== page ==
Many of the places I photograph are old, funky and time worn. Growing up in the mid-atlantic area of the east coast, I was lucky enough to live near old docks, warehouses and historic towns and could visit on a daily basis. Old neighborhoods where generations had lived and worked — timeless in a sense. Salt-encrusted, rusty, paint peeling waterfront buildings that were kept in a state of arrested decay, because of their unique charm or story.
I gained an appreciation for those old places, only after moving out west twenty-some years ago. Much of the midwest had appeared to have gone through some urban-renewal or recent development in the 1980’s. Cities and neighborhoods looked gentrified and lacked any real character. It wasn’t until I settled into the Bay Area, that I began to see a place filled with a rich colorful history and a visually interesting landscape. San Francisco had survived the insanity of the gold rush, an catastrophic earthquake and the 1960’s. The perfect location for a long-term project.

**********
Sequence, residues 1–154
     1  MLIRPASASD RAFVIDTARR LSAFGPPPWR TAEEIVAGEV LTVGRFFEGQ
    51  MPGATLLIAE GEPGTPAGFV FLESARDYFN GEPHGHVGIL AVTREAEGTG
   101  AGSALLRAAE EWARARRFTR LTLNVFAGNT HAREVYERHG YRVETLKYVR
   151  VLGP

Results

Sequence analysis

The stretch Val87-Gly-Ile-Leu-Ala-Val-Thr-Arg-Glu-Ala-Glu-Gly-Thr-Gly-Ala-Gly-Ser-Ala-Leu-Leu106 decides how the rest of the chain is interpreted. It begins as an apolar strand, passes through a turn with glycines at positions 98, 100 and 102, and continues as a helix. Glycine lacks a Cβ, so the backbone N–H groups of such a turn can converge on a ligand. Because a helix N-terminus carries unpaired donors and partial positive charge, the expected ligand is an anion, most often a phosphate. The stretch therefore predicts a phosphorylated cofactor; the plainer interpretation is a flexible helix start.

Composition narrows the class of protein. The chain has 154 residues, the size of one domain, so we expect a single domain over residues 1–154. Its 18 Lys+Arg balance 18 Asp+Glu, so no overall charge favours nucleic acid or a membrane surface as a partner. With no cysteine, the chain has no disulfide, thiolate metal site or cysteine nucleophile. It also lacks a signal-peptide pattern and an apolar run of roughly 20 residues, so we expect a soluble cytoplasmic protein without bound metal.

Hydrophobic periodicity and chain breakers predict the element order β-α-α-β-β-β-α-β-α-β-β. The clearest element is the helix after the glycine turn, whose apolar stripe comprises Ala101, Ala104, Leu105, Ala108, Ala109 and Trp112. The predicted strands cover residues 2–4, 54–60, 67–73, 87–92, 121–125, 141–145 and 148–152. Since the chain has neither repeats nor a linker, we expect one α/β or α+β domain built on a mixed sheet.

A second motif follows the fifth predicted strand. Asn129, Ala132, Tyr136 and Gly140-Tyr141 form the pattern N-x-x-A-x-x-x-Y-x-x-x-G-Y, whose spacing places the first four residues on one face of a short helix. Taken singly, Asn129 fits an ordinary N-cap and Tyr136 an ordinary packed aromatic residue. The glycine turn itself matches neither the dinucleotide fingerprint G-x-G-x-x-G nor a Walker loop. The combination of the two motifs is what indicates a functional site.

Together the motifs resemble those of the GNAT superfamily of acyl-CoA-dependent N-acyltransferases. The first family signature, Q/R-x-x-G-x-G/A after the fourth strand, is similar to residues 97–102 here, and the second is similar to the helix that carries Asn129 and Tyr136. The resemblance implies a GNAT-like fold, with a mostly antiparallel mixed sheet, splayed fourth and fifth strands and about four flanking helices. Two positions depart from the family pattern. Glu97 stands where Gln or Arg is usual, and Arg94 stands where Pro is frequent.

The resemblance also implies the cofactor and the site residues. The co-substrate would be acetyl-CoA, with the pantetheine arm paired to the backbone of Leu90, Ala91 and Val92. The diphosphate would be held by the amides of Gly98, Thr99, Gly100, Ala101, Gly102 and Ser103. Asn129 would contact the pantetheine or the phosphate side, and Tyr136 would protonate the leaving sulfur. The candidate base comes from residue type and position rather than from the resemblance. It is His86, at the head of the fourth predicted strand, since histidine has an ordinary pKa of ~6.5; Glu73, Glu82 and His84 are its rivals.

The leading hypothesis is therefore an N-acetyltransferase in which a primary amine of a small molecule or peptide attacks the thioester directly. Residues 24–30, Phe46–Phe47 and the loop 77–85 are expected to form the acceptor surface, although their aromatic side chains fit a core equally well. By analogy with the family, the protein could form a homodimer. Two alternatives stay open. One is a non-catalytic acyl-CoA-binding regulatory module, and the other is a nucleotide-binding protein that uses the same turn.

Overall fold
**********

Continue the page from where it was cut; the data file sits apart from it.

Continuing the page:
I have been photographing Bay Area landmarks at night, from the funky industrial to the downright weird, for the last 15 years. Old military bases, an aircraft carrier, a power plant, railroads, warehouses and a prison have been the subject of much of my work. I wanted to capture the beauty of sun-bleached colors, oxidized metals, wind-blasted concrete and textured paint and grafitti. I plan to continue this project, until everthing has fallen down, including me.
Deborah Rourke Photography